Berger studies U.S. equity markets and international stocks, and said the findings from this study have important implications for investors, even those who tend to invest mainly in the domestic market.

"Interestingly, larger stocks often benefited from emerging market crises and exhibited positive returns," Berger added. "Because investors started dumping smaller stocks in favor of safer, larger ones, the irony is that larger multinational corporations potentially see positive benefits during international crises."


Story Source:

The above story is based on materials provided by Oregon State University. Note: Materials may be edited for content and length.


Journal Reference:

  1. Dave Berger, H.J. Turtle. Emerging market crises and US equity market returns. Global Finance Journal, 2011; DOI: 10.1016/j.gfj.2011.05.003

Cite This Page:

Oregon State University. "Smaller companies hit hardest during emerging market crises." ScienceDaily. ScienceDaily, 24 June 2011. <www.sciencedaily.com/releases/2011/06/110621121323.htm>.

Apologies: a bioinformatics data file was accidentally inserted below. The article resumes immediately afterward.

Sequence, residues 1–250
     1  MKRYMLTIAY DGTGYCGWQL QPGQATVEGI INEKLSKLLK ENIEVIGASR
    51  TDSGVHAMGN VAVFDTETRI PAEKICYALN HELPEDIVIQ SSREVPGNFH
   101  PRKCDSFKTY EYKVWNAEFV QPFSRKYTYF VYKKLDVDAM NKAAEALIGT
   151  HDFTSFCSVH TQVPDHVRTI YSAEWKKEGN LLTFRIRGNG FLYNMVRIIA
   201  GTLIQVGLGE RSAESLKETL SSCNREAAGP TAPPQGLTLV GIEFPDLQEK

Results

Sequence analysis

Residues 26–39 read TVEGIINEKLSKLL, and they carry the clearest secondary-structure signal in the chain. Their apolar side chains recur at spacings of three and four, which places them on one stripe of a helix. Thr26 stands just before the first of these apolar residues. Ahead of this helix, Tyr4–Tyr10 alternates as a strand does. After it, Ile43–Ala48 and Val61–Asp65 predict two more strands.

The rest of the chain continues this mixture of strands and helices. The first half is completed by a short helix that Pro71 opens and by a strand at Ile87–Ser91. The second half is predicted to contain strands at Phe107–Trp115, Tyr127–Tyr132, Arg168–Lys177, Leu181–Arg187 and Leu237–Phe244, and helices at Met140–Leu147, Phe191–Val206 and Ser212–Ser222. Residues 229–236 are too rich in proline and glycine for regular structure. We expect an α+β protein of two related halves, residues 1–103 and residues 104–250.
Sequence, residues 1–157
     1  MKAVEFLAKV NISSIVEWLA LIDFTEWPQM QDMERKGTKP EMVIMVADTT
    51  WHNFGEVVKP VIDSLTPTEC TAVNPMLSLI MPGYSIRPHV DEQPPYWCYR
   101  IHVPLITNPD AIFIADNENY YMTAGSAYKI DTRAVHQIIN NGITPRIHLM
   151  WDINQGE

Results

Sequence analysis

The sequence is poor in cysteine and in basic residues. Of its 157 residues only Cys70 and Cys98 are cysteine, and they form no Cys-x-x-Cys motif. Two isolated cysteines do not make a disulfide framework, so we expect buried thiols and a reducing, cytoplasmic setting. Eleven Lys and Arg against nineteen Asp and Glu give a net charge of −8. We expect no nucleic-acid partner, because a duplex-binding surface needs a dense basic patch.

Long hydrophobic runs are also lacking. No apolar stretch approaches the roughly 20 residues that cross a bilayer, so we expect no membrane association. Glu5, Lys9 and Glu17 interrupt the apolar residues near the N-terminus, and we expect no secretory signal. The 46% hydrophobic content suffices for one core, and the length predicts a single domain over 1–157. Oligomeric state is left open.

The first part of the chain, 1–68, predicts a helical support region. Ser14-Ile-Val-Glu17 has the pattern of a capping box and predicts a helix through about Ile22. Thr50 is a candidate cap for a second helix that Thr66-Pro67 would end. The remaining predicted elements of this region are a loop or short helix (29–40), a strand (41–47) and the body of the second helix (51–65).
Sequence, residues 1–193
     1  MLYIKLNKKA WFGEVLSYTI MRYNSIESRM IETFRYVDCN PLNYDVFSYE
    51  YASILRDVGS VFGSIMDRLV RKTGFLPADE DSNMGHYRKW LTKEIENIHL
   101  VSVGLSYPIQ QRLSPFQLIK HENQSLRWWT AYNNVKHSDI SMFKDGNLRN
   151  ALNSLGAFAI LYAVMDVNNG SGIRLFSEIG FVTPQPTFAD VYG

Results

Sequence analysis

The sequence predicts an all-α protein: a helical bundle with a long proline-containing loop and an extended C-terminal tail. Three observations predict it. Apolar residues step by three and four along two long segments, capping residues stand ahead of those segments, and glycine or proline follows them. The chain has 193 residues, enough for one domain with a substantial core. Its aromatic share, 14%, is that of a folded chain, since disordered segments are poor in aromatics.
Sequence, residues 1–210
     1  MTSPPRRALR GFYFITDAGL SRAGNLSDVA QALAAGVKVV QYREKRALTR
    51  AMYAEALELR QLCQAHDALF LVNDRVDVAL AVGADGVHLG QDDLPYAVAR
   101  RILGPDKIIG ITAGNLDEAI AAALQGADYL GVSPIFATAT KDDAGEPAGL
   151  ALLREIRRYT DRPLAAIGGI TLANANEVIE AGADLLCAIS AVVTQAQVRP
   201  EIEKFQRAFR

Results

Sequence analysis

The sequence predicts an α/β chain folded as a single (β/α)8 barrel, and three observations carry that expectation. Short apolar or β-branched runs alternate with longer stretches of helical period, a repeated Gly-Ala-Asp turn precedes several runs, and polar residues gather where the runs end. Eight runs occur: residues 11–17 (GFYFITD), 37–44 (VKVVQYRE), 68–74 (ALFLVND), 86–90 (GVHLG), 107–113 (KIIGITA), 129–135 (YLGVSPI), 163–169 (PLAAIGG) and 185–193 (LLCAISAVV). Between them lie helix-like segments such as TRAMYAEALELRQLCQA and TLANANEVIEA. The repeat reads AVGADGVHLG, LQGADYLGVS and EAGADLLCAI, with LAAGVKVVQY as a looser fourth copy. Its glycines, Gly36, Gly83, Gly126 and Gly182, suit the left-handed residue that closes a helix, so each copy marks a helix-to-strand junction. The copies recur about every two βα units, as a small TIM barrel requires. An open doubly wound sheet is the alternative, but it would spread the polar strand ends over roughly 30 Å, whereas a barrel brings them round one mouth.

Oregon State University. (2011, June 24). Smaller companies hit hardest during emerging market crises. ScienceDaily. Retrieved October 21, 2014 from www.sciencedaily.com/releases/2011/06/110621121323.htm
Oregon State University. "Smaller companies hit hardest during emerging market crises." ScienceDaily. www.sciencedaily.com/releases/2011/06/110621121323.htm (accessed October 21, 2014).

Share This



More Computers & Math News

Tuesday, October 21, 2014

Featured Research

from universities, journals, and other organizations


Featured Videos

from AP, Reuters, AFP, and other news services

Japanese Scientists Unveil Floating 3D Projection

Japanese Scientists Unveil Floating 3D Projection

Reuters - Innovations Video Online (Oct. 20, 2014) — Scientists in Tokyo have demonstrated what they say is the world's first 3D projection that floats in mid air. A laser that fires a pulse up to a thousand times a second superheats molecules in the air, creating a spark which can be guided to certain points in the air to shape what the human eye perceives as an image. Matthew Stock reports. Video provided by Reuters